Interesting article about a new type of heat engine that could double the efficiency of photovoltaic power generation and make it competitive with coal. Apart from the exciting technical possibilities, it’s a wonderful rags-to-riches story of a poor kid from Mobile, AL.
Builders covet LEED certification — it stands for Leadership in Energy and Environmental Design — as a way to gain tax credits, attract tenants, charge premium rents and project an image of environmental responsibility. But the gap between design and construction, which LEED certifies, and how some buildings actually perform led the program last week to announce that it would begin collecting information about energy use from all the buildings it certifies.
I attended a seminar on LEED certification several years ago when it was first introduced. It’s basically a scoring system: buildings are awarded a certain number of points for each “green” feature, and based on the total number of points achieved, the building is certified at one of four levels. LEED Certified — the lowest level — requires between 26 and 32 points. LEED Silver requires between 33 and 38 points, LEED Gold requires between 39 and 51points, and LEED Platinum requires between 52 and 69 points.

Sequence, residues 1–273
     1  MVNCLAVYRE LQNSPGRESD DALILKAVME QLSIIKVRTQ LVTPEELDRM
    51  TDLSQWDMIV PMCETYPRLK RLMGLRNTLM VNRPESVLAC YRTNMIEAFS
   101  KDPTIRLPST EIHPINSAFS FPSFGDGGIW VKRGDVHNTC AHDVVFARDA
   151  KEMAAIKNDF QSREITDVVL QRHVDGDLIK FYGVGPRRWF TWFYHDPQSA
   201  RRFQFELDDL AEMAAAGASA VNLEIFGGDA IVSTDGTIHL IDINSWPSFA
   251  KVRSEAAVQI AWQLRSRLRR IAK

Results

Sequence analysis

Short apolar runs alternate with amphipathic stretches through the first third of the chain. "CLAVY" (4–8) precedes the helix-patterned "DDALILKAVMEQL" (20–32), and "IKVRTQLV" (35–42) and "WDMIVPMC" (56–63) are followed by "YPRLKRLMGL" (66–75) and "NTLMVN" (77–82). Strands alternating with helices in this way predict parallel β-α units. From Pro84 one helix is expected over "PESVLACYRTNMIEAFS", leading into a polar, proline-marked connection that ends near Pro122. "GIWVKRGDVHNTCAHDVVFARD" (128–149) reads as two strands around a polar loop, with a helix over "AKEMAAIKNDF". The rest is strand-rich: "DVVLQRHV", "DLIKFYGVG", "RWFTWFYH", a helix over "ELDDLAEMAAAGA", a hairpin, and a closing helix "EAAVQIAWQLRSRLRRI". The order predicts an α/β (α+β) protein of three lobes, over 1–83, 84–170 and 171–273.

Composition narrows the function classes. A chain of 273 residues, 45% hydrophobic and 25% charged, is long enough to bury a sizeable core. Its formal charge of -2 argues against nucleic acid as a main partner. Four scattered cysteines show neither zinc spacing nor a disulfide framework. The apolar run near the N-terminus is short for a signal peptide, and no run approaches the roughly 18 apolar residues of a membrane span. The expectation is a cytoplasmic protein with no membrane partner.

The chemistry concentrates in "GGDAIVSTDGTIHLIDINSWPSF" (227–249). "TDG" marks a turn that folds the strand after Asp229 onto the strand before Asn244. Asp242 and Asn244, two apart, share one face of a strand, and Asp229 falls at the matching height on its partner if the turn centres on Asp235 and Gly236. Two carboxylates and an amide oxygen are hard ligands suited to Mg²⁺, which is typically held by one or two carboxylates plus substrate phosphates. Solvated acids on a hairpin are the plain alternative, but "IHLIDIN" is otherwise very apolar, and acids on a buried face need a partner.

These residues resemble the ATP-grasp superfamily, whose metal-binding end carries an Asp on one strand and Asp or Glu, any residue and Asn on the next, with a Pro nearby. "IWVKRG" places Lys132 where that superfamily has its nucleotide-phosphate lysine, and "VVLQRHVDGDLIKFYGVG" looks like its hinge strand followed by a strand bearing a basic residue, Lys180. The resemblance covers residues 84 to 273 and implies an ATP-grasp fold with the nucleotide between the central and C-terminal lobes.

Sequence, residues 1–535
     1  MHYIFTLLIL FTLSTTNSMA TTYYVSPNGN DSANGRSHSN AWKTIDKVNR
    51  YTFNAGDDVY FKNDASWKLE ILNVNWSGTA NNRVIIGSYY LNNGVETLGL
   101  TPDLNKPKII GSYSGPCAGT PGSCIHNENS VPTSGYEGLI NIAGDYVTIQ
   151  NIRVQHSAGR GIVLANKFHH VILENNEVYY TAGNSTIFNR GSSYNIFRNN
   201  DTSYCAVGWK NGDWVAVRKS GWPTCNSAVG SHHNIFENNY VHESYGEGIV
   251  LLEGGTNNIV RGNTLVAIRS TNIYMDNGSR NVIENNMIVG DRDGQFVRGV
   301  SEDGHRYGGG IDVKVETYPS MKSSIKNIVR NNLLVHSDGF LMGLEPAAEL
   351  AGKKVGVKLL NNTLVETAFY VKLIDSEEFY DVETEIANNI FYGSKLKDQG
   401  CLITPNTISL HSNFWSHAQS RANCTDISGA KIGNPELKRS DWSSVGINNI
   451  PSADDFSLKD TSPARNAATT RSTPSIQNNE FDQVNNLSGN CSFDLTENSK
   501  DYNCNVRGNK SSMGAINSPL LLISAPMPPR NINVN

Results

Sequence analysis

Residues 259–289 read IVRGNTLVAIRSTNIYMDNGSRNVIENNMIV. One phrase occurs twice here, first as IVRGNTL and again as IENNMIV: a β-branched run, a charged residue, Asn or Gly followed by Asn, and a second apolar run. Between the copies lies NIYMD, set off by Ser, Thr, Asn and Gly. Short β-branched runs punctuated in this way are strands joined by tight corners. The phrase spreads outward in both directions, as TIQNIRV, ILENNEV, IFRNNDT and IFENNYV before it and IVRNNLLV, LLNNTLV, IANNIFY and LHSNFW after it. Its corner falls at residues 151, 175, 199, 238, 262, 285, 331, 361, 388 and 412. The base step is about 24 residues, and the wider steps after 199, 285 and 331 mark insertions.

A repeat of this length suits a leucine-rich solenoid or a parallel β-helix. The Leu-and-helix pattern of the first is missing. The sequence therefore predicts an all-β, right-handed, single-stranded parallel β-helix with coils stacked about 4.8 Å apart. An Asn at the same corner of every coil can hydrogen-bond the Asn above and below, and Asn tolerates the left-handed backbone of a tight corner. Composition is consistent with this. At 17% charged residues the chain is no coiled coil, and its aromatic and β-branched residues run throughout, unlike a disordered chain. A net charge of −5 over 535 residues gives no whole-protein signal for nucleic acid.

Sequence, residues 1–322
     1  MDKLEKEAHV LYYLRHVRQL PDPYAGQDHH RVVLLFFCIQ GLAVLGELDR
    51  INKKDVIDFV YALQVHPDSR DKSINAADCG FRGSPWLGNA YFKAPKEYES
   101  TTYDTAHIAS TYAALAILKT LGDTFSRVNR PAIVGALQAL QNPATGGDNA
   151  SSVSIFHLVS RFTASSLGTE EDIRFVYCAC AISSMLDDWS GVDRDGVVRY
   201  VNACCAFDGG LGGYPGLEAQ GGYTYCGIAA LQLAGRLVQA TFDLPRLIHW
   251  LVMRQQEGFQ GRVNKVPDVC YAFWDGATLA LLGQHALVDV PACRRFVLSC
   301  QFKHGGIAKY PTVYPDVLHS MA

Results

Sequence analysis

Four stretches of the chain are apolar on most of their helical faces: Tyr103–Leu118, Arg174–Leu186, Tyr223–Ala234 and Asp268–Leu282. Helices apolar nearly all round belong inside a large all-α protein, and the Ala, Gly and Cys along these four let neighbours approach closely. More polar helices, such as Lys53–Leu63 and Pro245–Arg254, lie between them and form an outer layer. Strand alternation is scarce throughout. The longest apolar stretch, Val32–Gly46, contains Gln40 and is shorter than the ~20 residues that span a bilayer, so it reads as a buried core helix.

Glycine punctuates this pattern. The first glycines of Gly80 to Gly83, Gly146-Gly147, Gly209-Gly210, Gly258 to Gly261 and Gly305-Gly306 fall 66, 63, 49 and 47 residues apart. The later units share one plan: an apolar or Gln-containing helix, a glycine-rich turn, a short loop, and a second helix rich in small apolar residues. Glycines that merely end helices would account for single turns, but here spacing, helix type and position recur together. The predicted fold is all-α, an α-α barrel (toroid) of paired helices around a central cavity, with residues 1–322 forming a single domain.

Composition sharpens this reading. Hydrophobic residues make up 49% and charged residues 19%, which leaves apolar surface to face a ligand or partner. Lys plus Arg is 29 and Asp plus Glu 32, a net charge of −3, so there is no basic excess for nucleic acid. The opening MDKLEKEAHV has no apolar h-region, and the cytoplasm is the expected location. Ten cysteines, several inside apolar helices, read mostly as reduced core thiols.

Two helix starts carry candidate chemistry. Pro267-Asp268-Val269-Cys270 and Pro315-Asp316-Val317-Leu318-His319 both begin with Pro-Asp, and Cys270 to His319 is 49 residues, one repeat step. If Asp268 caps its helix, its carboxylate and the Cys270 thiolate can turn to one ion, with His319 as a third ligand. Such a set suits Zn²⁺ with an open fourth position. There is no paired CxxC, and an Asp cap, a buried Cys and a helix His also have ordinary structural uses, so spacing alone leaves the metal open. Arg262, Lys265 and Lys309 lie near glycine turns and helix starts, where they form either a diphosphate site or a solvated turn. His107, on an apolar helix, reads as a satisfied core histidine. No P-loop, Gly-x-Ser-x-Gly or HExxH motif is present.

But energy efficiency is not the only feature LEED rewards. For example, a building receives points for being constructed on a brownfield site. Bicycle racks and charging stations for electric vehicles earn additional points. These things are all well and good, but they don’t affect the amount of energy used by the building.
As any student of calculus knows, the integral of a function over a given range is closely related to the average value of the function over that range. One very useful average in studies of energy use is the daily average temperature. Building energy use is often a strong function of outdoor air temperature because about half of the energy required is for heating and air conditioning. Consequently, daily energy use in a building usually correlates well with daily average temperature.
Weather stations report temperature at regular intervals, and the best way to find the daily average is of course to take the average of all readings over a 24-hour period (assuming there are no gaps in the data). In historical studies however, sometimes the only information available is the daily high and low. But believe it or not, averaging the daily high and low temperatures gives a pretty good estimate of the daily average temperature.
Students in calculus classes are taught various methods of approximating an integral. The simplest is the rectangular rule, which in the case of daily temperature is equivalent to taking the average of all of the readings over the day (the integral would then be equal to the average multiplied by the total length of the interval, which is 24 hours).